Kelly Rittenberry Culhane discusses being a woman in BigLaw in an article from Law360

Kelly Rittenberry Culhane discusses being a woman in BigLaw in an article from Law360

Kelly Rittenberry Culhane, co-founder of Culhane Meadows, was the lead interview in a Law 360 article discussing how traditional firms have historically failed to recruit, serve, and retain female and diverse attorneys.  Kelly provides insight into what Culhane Meadows is doing to move the needle, and she also provides advice to female lawyers who want to build a sophisticated practice.

Here is Kelly’s interview:

More than half of law school students are women, yet BigLaw firms have trouble recruiting and retaining women at the same rate as men. According to Law360’s Glass Ceiling report, women represent only 37% of all attorneys at BigLaw firms and 25% of equity partners.

Law360 asked three female attorneys who left BigLaw about how firms could better serve the women who work there.

How Firms Fall Short

I spent many weekends at the firm — I was a young married professional, so there was no reason I shouldn’t be working every Saturday, right? — and I would see little kids running all over the building. And the [mothers] who didn’t do that were mommy-tracked.

I’m not bashing Akin Gump. I had great male mentors. I don’t want to leave the impression they said, “Oh, she’s a woman. Let’s push her down.”

When I was starting my journey to have a family, it was very clear to me that there was no way I could continue a sophisticated practice and rise up to equity partner — which was my goal — and also raise my kids.

I stepped back from BigLaw and focused on raising these babies. Then obviously I missed the practice. I was hired as COO of a cloud-based firm. It was a good opportunity for me, but that law firm is owned by two men, and I didn’t have much autonomy or power. Basically, I was marginalized, and was told, “If you think you can do this a better way, you should go do that.”

So we are called “Culhane Meadows: A Better Way.” I couldn’t help myself.

What BigLaw Can Do

Hiring women and diverse candidates out of law school is great, but until you fix your compensation structure, you’re not going to retain these people.

Firms need to rethink how compensation is determined. And they need to reject this traditional black box decision-making process where the compensation committees are behind closed doors. It’s secretive, it’s very subjective, and it directly contributes to the gender pay gap.

At our firm, the compensation structure is 100% objective. It’s literally a formula. We don’t have billable quotas and we also don’t set their billing rate. If you bring in a piece of work, you bring home 80% of every dollar collected. And because we pass such a large percentage of every dollar collected to the people doing the work, they don’t have to take on as many cases. They don’t have to work as hard.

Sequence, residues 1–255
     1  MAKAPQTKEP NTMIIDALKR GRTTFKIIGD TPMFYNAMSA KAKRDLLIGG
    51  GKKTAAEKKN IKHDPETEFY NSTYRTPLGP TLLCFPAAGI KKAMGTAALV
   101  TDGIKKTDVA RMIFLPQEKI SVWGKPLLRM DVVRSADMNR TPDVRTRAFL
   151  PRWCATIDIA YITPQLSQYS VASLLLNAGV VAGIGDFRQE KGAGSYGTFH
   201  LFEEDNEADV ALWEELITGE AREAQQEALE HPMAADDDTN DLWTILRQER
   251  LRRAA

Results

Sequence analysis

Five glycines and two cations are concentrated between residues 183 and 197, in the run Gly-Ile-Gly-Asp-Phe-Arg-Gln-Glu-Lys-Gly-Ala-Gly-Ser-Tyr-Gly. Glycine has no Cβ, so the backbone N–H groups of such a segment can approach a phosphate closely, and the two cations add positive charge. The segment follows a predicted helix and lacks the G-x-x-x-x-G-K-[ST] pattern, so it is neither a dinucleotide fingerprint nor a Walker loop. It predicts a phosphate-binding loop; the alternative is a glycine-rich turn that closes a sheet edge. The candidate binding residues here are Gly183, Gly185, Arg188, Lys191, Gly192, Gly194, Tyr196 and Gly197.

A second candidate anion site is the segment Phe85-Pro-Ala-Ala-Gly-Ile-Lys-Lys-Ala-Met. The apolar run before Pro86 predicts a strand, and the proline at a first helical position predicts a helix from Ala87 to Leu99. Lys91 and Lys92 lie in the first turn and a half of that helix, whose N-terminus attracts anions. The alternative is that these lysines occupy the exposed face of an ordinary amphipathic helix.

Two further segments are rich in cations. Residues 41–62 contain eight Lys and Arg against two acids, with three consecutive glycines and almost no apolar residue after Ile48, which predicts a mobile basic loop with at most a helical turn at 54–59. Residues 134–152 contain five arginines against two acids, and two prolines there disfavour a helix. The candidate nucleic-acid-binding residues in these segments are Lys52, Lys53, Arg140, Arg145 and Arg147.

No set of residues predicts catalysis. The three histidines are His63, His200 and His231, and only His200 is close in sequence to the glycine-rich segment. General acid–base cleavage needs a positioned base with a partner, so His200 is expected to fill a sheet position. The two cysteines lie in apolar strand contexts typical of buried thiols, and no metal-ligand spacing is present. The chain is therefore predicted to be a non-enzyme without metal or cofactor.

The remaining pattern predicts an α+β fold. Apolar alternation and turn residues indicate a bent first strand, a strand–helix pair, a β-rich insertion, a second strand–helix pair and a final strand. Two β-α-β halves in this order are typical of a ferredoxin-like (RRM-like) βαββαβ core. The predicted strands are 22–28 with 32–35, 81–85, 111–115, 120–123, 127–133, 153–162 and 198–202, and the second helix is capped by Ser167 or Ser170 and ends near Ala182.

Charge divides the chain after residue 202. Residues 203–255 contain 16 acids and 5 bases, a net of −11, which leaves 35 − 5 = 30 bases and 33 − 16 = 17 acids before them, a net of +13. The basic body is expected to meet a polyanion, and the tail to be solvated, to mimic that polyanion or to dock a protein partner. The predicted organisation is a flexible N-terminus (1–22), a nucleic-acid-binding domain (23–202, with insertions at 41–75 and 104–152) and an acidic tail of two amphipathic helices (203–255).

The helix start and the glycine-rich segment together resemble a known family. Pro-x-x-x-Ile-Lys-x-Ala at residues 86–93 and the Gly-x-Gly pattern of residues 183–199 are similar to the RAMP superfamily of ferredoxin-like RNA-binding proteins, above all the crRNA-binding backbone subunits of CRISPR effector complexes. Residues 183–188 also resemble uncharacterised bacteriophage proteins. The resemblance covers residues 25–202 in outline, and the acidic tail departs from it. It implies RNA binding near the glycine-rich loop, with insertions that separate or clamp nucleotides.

Until you recognize work-life balance, women are going to be forced out, because let’s face it, we are literally having the babies. It’s not like we can delegate that responsibility. And a lot of women want to spend time with their kids.

Advice For Female Attorneys

There was one time when a male partner came round and said to the guys, “Let’s go! We’re going golfing.” And I said, “We are?” And he said, “Uh, do you golf?” And they’re all laughing and walking toward the elevator. And I said, “I don’t golf, but I can drive the cart.” They didn’t know what to say, so off I went. I drove the cart.

You have got to insert yourself if you feel there’s an old boys’ network. Because what do you think happens when they golf? They talk about clients, they talk about business, and they pass the clients down to these guys.

My advice would be: If you’re in BigLaw now as a woman, get close to the partners who have the clients, and ask to be introduced. Take on projects where you are actually getting face time with clients. If you’re getting the research projects, and your male counterpart is going golfing and getting drinks, you are not going to elevate in the ranks.

A downloadable PDF version of the interview can be found here.

About Culhane MeadowsBig Law for the New Economy®
The largest woman-owned national full-service business law firm in the U.S., Culhane Meadows fields over 70 partners in ten major markets across the country. Uniquely structured, the firm’s Disruptive Law® business model gives attorneys greater work-life flexibility while delivering outstanding, partner-level legal services to major corporations and emerging companies across industry sectors more efficiently and cost-effectively than conventional law firms. Clients enjoy exceptional and highly-efficient legal services provided exclusively by partner-level attorneys with significant experience and training from large law firms or in-house legal departments of respected corporations. U.S. News & World Report has named Culhane Meadows among the country’s “Best Law Firms” in its 2014 through 2020 rankings and many of the firm’s partners are regularly recognized in Chambers, Super Lawyers, Best Lawyers and Martindale-Hubbell Peer Reviews.

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